The ubiquitous MP3 is far from the only music file format, but it's become a shorthand for the category. Pitchfork has interviewed McGill University professor Jonathan Sterne about his book MP3: The Meaning of a Format, a history of how the format was developed, what it's meant for music collecting and file-sharing, and where it's headed. The way the MP3 was tested, Sterne says, meant that it "doesn't conform to universals of human hearing, but does conform very well to the record industry. In other words, a small number of mastering engineers have determined what good recordings will sound like." Even MP3s that are described as capturing "pure" music or voice involve processing that sound in a specific way. Sterne doesn't think the MP3 is going away until we've moved beyond the current system of computers and music platforms, so go ahead and read what he has to say about format testing, the MP3 as a social object, and how the format helped fuel an entire high-tech industry.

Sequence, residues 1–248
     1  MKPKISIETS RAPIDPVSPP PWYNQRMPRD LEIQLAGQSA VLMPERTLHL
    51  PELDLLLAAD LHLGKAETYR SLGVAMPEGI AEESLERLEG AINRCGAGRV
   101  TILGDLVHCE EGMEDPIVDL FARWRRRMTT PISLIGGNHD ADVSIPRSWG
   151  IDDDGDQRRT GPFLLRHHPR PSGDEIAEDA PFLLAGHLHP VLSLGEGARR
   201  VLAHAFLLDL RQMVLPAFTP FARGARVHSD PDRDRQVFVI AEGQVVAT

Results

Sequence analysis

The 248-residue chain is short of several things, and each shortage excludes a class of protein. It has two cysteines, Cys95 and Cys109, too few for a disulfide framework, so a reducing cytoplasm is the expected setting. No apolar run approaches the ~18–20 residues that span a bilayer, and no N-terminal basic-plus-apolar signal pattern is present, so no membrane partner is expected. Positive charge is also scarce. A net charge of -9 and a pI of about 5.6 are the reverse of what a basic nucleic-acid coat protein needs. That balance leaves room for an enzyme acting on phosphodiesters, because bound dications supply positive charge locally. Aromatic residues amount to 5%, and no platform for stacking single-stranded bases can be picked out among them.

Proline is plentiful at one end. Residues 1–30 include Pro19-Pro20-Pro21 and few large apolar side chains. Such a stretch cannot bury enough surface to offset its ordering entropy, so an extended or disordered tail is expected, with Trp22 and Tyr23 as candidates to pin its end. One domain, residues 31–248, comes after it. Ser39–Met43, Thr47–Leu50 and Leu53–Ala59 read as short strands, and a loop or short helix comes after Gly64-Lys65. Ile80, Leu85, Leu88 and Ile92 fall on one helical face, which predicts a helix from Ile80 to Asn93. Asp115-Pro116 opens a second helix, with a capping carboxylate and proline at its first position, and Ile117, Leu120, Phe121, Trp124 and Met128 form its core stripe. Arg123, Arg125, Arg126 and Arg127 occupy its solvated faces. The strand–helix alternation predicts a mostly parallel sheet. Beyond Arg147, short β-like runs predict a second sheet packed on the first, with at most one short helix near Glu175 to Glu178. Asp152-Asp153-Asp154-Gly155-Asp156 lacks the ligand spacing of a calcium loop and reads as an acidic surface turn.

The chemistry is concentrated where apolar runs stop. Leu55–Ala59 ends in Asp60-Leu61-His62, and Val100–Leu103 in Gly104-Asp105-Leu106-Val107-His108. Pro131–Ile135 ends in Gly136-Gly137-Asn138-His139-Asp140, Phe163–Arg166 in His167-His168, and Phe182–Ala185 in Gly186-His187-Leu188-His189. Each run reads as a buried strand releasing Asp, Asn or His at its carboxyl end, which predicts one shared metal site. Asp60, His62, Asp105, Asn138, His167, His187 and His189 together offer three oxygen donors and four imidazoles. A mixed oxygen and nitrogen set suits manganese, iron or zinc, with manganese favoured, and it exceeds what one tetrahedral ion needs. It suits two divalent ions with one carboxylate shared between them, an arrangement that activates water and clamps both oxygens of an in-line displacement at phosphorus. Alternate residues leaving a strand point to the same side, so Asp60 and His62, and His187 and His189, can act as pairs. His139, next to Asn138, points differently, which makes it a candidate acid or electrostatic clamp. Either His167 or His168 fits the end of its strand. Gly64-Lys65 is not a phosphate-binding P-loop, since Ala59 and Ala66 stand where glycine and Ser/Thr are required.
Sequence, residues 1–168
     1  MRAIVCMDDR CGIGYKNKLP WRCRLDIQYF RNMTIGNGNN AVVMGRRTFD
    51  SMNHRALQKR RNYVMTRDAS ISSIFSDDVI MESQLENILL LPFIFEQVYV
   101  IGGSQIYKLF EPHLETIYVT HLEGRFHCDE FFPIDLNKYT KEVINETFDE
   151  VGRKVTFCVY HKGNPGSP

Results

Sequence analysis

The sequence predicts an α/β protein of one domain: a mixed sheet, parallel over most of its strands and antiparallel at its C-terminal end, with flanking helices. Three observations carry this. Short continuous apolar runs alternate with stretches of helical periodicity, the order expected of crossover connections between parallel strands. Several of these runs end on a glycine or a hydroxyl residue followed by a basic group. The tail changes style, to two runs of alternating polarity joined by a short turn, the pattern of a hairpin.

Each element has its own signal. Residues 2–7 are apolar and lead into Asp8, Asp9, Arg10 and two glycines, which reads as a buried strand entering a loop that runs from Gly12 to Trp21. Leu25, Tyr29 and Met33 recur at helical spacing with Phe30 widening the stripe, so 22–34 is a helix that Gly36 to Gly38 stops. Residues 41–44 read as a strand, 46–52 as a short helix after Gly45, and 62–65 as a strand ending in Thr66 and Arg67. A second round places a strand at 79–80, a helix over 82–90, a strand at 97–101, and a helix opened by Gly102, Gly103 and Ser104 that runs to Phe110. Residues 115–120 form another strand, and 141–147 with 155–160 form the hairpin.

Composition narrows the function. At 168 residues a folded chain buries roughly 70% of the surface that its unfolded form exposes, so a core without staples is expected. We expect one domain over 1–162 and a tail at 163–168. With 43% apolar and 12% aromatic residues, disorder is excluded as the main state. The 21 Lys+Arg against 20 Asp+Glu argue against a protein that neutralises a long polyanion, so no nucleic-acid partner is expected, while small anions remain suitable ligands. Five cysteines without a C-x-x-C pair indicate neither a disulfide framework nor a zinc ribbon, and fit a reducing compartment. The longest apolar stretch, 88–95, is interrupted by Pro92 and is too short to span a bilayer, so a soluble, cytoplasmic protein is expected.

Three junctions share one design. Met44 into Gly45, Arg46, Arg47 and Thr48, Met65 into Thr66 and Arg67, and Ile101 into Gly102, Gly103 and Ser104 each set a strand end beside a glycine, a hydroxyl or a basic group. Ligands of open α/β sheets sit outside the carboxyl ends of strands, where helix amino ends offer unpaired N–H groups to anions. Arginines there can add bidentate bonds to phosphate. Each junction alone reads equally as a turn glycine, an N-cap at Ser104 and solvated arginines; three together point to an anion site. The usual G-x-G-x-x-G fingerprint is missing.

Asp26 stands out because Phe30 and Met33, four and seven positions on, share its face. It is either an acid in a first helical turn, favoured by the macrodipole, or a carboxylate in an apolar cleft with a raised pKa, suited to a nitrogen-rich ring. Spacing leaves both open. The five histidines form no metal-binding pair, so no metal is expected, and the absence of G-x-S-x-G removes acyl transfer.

Piracy, virtual record collections, and how the MP3 changed music
Piracy, virtual record collections, and how the MP3 changed music/
Professor Jonathan Sterne talks about his research on the history of the MP3, including how it was developed and the effect of file-sharing on high-tech industries.